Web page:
CBBC airs another touching LGBT-inclusive scene just days after being flooded with complaints over same-sex kiss
Just days after CBBC received more than 100 complaints for airing a same-sex kiss, the children’s channel has shown a “beautiful” coming out scene on the teen drama Mystic.
Set in New Zealand, Mystic follows a group of “horse-mad teenagers” who must save their community from environmental disaster. Episode four sees Caleb (played by Joshua Tan) come out as gay to his best friend Issie.
In the emotional scene, London teen Issie (Macey Chipping) explains that she feels like she doesn’t fit in with her New Zealand friends. Caleb then reveals that he too feels like “an outsider” because he likes boys.
“I’ve been thinking about what you said earlier, about trusting us and you know, feeling like an outsider and stuff,” he says. “I do feel like that sometimes.”
Issie suggests that Caleb is just “trying to make her feel better for being the weird girl”, but he admits it’s more than that.
“I’m weird too,” he replies. “I’m gay… I think. No, I know I am.”
After briefly fumbling with an awkward joke, Issie comforts her friend. “Thank you for telling me. It must have been really hard,” she says.
“Being gay is… it’s like one little piece of who you are. A good piece. You know that, right? Take your time. No pressure.”
The “beautiful” scene was applauded for giving children a realistic representation of LGBT+ characters on screen.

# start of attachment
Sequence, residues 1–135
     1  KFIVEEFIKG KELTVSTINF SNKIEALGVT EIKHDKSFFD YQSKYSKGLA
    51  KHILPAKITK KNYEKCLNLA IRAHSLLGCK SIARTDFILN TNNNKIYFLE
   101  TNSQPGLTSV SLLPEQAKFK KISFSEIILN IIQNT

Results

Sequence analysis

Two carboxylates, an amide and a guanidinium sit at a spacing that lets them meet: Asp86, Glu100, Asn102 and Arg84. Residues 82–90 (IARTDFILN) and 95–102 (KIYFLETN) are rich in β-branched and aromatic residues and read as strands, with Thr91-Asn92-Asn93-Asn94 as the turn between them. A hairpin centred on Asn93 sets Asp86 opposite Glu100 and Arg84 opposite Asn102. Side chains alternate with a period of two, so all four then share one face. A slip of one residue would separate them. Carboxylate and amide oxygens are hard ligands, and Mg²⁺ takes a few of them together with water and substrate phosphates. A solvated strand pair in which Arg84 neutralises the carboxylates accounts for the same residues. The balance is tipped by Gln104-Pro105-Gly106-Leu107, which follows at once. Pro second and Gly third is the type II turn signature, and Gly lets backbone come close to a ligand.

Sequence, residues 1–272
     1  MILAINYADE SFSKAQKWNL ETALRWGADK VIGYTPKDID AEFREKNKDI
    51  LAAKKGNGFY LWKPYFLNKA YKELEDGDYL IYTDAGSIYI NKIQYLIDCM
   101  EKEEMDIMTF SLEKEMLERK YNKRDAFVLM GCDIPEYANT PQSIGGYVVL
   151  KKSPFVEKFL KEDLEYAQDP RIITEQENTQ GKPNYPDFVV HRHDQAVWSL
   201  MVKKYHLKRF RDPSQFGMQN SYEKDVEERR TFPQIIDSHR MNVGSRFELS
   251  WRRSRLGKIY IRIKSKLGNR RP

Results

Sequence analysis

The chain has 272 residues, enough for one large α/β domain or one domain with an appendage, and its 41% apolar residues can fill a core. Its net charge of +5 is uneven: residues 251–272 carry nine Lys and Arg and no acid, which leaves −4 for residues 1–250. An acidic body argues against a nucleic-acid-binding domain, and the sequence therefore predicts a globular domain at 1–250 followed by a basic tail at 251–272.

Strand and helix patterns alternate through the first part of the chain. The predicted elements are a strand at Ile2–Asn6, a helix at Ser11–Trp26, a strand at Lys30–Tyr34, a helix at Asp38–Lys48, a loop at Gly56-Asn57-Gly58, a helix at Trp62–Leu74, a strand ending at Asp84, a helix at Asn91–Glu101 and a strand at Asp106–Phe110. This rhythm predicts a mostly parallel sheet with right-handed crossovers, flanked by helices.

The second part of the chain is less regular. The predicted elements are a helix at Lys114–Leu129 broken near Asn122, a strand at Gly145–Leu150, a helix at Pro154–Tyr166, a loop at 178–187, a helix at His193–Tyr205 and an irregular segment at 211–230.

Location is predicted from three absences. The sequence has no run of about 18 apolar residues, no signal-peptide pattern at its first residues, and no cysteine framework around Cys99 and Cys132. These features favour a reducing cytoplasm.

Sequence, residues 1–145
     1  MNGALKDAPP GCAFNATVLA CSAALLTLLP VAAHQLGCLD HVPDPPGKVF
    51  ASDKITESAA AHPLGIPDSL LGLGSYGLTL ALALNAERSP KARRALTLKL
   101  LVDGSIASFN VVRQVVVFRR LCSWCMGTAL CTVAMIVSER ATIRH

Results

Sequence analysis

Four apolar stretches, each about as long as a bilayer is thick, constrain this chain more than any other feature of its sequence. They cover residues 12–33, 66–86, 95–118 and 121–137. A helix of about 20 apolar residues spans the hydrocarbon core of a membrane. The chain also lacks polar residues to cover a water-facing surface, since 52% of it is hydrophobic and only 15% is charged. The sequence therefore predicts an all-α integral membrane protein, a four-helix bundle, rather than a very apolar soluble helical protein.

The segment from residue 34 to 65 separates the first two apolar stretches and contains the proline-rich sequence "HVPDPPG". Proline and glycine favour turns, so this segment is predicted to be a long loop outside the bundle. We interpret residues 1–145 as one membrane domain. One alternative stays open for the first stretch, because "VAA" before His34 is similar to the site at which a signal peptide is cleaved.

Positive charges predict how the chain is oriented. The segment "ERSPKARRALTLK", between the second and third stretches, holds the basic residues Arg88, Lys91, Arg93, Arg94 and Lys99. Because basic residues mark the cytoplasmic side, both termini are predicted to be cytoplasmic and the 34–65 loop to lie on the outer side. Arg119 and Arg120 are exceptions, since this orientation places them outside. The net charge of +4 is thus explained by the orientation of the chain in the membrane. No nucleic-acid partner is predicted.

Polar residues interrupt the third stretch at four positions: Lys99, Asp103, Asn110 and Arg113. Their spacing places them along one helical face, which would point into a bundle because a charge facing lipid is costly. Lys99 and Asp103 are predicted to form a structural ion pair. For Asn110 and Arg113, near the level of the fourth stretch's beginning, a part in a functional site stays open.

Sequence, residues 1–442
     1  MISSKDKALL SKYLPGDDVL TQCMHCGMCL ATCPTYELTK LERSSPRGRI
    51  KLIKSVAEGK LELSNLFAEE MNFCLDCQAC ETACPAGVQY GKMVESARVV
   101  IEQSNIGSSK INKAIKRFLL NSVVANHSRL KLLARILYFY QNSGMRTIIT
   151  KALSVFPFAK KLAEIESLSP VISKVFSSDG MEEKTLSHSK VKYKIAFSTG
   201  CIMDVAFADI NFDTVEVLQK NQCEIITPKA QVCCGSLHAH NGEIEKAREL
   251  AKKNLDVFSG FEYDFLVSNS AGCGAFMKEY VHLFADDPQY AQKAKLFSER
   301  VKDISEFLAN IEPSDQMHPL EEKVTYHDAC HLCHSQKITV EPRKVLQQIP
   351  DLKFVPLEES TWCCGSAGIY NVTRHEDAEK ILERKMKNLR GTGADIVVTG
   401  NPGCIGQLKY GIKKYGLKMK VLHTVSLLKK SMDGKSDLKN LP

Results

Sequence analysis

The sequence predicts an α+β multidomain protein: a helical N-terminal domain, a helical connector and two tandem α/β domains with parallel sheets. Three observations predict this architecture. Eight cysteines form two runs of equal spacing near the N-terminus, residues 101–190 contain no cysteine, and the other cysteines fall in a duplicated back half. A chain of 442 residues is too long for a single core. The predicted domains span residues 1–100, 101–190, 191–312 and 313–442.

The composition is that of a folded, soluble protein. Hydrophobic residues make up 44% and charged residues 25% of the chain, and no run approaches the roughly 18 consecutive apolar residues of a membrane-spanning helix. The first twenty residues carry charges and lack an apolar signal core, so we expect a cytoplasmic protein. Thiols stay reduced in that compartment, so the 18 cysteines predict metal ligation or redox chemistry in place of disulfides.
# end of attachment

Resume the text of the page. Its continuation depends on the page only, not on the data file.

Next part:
CBBC hits back at homophobic criticism of same-sex Next Step kiss.
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Viewers also praised the BBC for affirming its commitment to diversity in the wake of complaints about a same-sex kiss in another CBBC show, The Next Step.
Rejecting claims that the kiss was “inappropriate for the audience age”, the broadcaster said that “CBBC regularly portrays heterosexual young people dating, falling in love, and kissing, and it is an important way of showing children what respectful, kind and loving relationships look like”.
It continued: “This is an important part of our mission to make sure that every child feels like they belong, that they are safe, and that they can be who they want to be.
“We believe that the storyline, and the kiss, was handled with sensitivity and without sensationalism, following as it did the portrayal of Jude and Cleo’s developing relationship.”
It added that same-sex relationships had already featured in several other CBBC shows, including Jamie Johnson, 4 O Clock Club, Dixie and Marrying Mum and Dad.
Contrary to what was reported in the press, The Next Step‘s same-sex kiss was far from the first on CBBC — that honour goes to Byker Grove, nearly 30 years ago.